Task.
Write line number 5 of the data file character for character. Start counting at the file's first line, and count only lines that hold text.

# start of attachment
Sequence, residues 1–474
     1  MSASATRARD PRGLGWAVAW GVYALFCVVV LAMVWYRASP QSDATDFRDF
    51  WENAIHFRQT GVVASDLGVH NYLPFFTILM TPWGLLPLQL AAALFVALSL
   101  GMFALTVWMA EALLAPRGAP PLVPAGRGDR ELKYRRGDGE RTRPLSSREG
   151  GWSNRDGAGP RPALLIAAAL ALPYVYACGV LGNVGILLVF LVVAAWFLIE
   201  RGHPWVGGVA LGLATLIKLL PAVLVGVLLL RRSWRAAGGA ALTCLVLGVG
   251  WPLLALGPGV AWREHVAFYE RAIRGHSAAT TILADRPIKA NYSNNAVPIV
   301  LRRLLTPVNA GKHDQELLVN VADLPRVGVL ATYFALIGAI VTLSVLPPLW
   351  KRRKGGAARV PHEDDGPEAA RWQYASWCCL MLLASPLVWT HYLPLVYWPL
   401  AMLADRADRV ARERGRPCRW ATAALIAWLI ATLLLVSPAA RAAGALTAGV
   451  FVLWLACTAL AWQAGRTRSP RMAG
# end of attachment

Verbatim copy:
   151  GWSNRDGAGP RPALLIAAAL ALPYVYACGV LGNVGILLVF LVVAAWFLIE